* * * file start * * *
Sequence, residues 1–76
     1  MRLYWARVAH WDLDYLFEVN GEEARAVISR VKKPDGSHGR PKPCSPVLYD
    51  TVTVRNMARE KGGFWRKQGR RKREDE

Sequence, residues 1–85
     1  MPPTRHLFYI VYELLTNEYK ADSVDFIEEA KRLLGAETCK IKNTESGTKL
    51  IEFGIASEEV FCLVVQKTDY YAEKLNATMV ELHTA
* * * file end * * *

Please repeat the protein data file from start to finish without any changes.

Sequence, residues 1–76
     1  MRLYWARVAH WDLDYLFEVN GEEARAVISR VKKPDGSHGR PKPCSPVLYD
    51  TVTVRNMARE KGGFWRKQGR RKREDE

Sequence, residues 1–85
     1  MPPTRHLFYI VYELLTNEYK ADSVDFIEEA KRLLGAETCK IKNTESGTKL
    51  IEFGIASEEV FCLVVQKTDY YAEKLNATMV ELHTA